by Geoffrey Bindman QC
The Chilcot report, when published next month, will surely criticise some of those responsible for launching the Iraq war on 20 March 2003 and for the suffering and damage which it caused. Lawyers are certainly already mulling over the prospect of litigation, criminal as well as civil.
If Chilcot supports the view that the invasion violated the UN Charter, what are the consequences? There has been speculation about the prospect of a prosecution in the International Criminal Court (ICC). That would require an investigation by the court and a willingness to embark on the prosecution of an individual or individuals accused of specific offences within its jurisdiction. However, it has sometimes been overlooked that the ICC is a court of last resort. By s 51 of the International Criminal Court Act 2001 (ICCA 2001) the UK has made genocide, crimes against humanity and war crimes as defined by the ICC treaty criminal offences against UK law triable in UK courts where such offences are committed by UK nationals or residents. Proceedings can, however, be brought only with the consent of the Attorney-General.
The ICC treaty does not allow immunity to states or heads of state but prosecution of an individual does require proof of personal responsibility for the crimes committed. The issue of “command responsibility “ has been a key element of the defence of those prominent defendants (such as Milosevic and Karadzic) who have already been tried in the ICC and in the international tribunals dealing with human rights violations in Rwanda and in the former Yugoslavia. However, s 66 of ICCA 2001 has tried to shut off an easy escape of the most senior leaders from criminal responsibility by declaring (with some qualifications) that military commanders or other superiors are to be held responsible for offences committed by their subordinates.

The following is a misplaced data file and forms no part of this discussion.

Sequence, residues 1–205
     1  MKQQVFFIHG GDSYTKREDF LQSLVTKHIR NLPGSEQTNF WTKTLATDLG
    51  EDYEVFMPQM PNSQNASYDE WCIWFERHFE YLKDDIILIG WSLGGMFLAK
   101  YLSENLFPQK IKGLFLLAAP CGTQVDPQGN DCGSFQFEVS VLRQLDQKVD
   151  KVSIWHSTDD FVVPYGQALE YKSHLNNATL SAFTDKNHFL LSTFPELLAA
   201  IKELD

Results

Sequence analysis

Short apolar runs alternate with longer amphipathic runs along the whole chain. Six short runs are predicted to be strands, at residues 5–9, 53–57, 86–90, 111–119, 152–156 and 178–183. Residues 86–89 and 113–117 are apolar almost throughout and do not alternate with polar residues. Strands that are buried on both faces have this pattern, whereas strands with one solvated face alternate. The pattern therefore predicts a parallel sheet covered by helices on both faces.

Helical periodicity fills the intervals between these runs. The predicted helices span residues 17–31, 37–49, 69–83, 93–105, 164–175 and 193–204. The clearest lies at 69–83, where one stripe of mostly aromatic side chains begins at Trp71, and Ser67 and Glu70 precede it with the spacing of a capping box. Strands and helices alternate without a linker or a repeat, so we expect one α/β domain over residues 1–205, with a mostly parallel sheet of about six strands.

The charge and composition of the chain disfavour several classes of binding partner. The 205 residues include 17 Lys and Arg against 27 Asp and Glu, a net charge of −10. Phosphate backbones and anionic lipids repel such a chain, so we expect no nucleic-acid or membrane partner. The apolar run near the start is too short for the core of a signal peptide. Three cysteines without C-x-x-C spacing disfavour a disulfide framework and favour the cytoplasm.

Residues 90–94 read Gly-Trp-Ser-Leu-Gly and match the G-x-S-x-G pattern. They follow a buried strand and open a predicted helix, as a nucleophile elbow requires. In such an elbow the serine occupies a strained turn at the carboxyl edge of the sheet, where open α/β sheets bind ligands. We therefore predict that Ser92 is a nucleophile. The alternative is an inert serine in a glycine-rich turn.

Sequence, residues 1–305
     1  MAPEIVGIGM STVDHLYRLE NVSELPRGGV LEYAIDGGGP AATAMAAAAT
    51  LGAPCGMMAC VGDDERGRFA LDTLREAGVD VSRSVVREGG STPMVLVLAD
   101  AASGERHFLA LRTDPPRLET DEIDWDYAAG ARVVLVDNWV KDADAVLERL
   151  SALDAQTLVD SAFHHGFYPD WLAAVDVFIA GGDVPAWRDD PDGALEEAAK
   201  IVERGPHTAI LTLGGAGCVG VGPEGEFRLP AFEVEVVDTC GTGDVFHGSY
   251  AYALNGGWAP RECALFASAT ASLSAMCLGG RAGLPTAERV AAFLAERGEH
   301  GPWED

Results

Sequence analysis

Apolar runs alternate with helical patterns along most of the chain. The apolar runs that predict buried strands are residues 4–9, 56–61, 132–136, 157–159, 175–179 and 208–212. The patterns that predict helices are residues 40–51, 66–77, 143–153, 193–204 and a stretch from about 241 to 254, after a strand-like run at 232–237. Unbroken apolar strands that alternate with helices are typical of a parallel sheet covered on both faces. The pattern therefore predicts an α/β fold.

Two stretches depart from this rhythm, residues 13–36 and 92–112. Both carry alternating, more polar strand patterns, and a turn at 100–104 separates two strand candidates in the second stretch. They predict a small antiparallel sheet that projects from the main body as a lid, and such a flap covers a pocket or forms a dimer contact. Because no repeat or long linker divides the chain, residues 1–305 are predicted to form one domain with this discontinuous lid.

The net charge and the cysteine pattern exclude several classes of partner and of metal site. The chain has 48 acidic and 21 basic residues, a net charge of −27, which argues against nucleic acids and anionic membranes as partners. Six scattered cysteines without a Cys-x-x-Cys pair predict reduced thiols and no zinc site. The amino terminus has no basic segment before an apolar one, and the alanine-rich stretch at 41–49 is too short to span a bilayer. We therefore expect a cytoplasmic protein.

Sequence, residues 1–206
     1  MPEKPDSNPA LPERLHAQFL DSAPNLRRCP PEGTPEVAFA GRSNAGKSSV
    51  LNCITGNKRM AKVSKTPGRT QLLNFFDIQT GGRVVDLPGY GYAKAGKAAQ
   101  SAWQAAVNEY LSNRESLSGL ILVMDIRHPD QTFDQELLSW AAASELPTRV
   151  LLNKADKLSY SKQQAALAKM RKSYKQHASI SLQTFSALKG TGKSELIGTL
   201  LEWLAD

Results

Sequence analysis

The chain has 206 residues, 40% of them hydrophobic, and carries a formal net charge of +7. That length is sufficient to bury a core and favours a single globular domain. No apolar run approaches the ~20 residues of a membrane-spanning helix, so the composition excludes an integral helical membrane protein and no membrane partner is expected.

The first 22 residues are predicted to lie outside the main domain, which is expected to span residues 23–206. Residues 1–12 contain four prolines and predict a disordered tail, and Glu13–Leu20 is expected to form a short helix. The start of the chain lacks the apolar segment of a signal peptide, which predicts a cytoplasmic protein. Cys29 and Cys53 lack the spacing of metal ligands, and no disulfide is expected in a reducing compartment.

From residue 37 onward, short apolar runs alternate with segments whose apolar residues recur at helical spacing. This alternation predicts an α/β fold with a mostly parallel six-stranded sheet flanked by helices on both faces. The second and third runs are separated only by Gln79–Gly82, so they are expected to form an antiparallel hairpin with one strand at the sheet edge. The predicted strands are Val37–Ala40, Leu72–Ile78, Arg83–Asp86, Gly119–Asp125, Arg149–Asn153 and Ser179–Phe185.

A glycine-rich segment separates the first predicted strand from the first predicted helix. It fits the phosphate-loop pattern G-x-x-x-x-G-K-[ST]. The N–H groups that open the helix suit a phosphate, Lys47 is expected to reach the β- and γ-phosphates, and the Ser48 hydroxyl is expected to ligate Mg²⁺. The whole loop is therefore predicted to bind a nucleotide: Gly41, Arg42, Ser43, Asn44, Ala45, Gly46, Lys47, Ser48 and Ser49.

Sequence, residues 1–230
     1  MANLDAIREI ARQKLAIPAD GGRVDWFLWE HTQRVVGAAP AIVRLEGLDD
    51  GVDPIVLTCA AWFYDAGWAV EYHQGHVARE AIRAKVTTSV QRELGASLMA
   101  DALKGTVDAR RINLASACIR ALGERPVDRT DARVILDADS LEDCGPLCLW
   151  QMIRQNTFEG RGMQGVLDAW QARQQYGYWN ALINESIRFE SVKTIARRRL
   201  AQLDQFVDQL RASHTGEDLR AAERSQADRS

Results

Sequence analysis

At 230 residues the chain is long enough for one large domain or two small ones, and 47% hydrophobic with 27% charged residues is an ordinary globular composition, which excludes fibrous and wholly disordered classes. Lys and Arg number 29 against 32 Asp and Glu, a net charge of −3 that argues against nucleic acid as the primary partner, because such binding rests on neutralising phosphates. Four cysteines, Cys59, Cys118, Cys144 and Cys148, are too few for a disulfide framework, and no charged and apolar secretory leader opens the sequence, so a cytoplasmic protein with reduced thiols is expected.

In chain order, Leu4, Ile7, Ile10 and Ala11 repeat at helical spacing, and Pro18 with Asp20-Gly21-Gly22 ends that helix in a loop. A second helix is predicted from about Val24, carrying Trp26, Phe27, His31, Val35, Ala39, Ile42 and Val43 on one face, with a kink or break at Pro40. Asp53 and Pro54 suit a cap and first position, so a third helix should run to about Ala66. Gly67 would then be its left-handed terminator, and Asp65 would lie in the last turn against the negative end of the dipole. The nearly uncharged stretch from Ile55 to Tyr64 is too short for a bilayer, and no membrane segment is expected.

Of course the proviso requiring the Attorney-General’s consent could mean that there will be no prosecutions whatever the legal merits. A precedent in the US is not encouraging. In December 2014 an authoritative report from the US Senate chaired by Senator Dianne Feinstein found compelling evidence of illegal tortures carried out on the instructions and authority of government officials, including some at the very highest level. No prosecutions have taken place and a report which was headline news when it was published has apparently been forgotten. Does the same fate await Chilcot?
Sir Geoffrey Bindman QC, consultant, Bindmans LLP
A full version of this article is published on New Law Journal.